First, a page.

Selling Security

Selling Cybersecurity: What We Can Learn From The Ice Bucket Challenge

In July/August 2014 the ALS Ice Bucket Challenge changed forever how charities should have organised their fundraising efforts. Replacing the usual guilt-trip approach with something fun/’socially mandatory’ resulted in hundreds of millions being donated to a cause few people had even heard of, let alone cared about.

People gave to ALS not because it was more deserving than other charities, they gave because to NOT do so attracted negative social repercussions most of us could not ignore. This was more than a little hypocritical as I expounded upon here, but this is now the social media-driven world in which we live.

But it WAS also fun! To do and to watch.

That said, I seriously doubt 99 people out of 100 who did the challenge either gave to ALS charities subsequently, or remember now what ‘ALS‘ is even the acronym for. They may have known at the time, but the details are no longer important unless ALS has a direct impact on their lives or the lives of a loved one.

These are not bad people, they are you and me.

The fact is that the number of diseases affecting humans is in the tens of thousands, the number of charities ‘serving’ them in the millions. 99.9% of these charities do the exact same thing, and have done this since time immemorial; show you the effects of the disease on someone else and ask you to care.

Almost all charities are still ‘advertising’ in the same way, when it’s only the ones that truly stand out that get the lion’s share of our money, let alone our volunteer time.

The problem is that we are so inundated with requests to give that we don’t even see/hear them any more. We are immune to the very feelings of guilt/societal obligation/altruism the charities are relying on to get you reaching for your wallet.

But in the end; “The definition of insanity is doing the same thing over and over and expecting different results.

Though far less dramatic and controversial, people trying to sell cybersecurity are doing almost the exact same thing. The original title of this blog was actually “Selling Cybersecurity: Fear is WHY the Board Don’t Care!” as those who should be worrying about security are simply numb to the whole thing. They just don’t care any more, if they ever did in the first place.

Headlines abound with data breaches, fines levied, and CEO’s disgraced. The more of this we see, the less we give a damn. We have already become ‘snow-blind’ to the possible, even likely consequences.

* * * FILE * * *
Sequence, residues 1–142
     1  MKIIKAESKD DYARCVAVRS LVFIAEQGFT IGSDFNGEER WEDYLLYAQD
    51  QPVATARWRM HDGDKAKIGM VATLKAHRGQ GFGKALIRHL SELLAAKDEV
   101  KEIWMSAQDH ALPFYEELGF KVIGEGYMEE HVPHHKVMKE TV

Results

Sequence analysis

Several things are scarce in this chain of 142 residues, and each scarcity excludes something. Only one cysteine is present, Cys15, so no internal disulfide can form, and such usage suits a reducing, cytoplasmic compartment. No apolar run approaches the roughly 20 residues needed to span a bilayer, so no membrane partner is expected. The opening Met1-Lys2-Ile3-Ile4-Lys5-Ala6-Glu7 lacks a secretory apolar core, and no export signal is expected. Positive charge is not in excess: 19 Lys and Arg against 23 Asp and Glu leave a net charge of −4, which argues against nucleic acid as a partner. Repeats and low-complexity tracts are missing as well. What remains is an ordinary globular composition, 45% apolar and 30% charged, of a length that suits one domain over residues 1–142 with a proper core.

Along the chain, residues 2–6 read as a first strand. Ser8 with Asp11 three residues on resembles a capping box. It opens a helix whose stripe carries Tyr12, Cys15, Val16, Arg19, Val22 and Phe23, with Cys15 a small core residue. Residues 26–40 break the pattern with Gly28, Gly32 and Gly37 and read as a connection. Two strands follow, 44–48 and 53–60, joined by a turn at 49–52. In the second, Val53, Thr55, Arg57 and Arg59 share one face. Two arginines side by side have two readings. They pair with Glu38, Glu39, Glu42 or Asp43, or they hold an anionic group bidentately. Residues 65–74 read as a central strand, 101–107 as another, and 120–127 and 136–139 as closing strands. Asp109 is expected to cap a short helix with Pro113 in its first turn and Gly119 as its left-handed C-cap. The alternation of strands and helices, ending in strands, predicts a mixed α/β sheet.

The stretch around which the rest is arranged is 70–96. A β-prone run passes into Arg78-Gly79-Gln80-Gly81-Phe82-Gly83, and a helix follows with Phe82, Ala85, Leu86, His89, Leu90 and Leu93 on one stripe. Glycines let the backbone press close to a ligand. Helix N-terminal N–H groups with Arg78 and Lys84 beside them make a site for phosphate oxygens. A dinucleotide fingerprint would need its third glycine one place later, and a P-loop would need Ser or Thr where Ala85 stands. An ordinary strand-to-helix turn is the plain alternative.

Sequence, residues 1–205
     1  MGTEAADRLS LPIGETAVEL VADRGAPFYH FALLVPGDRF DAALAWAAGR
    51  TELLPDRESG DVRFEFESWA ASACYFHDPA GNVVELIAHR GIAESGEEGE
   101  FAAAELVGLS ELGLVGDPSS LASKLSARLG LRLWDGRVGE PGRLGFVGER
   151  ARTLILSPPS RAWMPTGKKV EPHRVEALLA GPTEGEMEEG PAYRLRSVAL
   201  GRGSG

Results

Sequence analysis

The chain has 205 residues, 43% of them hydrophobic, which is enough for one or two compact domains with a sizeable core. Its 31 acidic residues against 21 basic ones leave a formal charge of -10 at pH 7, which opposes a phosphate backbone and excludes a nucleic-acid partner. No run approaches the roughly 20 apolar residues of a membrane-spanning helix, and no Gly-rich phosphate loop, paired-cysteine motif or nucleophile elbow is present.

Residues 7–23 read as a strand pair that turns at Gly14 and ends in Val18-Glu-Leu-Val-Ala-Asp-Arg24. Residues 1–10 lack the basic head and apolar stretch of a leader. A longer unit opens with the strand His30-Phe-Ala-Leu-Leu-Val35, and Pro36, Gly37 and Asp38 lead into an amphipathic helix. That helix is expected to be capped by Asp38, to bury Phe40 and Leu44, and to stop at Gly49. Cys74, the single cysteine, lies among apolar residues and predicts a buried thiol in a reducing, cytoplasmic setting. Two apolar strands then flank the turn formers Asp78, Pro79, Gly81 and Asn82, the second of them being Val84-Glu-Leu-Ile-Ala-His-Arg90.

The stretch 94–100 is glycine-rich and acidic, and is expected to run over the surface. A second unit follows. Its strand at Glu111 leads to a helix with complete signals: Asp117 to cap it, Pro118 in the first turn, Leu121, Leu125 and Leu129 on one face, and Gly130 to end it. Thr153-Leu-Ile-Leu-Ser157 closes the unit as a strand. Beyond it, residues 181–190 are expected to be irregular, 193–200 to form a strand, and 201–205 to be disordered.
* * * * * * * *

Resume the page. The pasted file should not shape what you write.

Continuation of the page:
This is our fault. As security professionals it is OUR job to talk to our prospective clients in THEIR language. WE have to understand that our clients probably don’t care about security, and probably never will. WE have to give them an ROI.

As an analogy, do you care about your car insurance? What would a car insurance salesman have to do for you to be anything other than dismissive, or even downright rude?

It’s actually OK that they don’t care. If you said that you cared about all human diseases I’d say you were full of %^$£. But if you want them to actually buy something from you you’d better be able to change the conversation to something of interest. Interest to THEM that is, because of course they care as little about your business as you care about theirs.

Not caring does NOT mean doing business without ethics or integrity, in fact it’s more honest if, and only if BOTH sides benefit.

From PCI, to PSD2, to GDPR, to every regulation that will ever come down the pike, vendors will scramble to find ANY motivator to get organisations to spend money. The only motivator that will ever gain traction is one that’s good for their business. Fear of breach/fines/reputation loss are nothing in the face of how spending money on security affects the bottom line.

So how do we change this conversation?

Frankly I have no idea, and anyone who can get even close the effectiveness of the Ice Bucket Challenge in cybersecurity sales will rule this little slice of the world. But what I’m NOT going to do is waste my time telling clients things they could not care less about and expect them to throw money at me. In fact, I’m going to question why they think they want my services in the first place. Because if it’s not for a reason that make sense to their business the project will fail and it WILL be my fault regardless of any evidence to the contrary.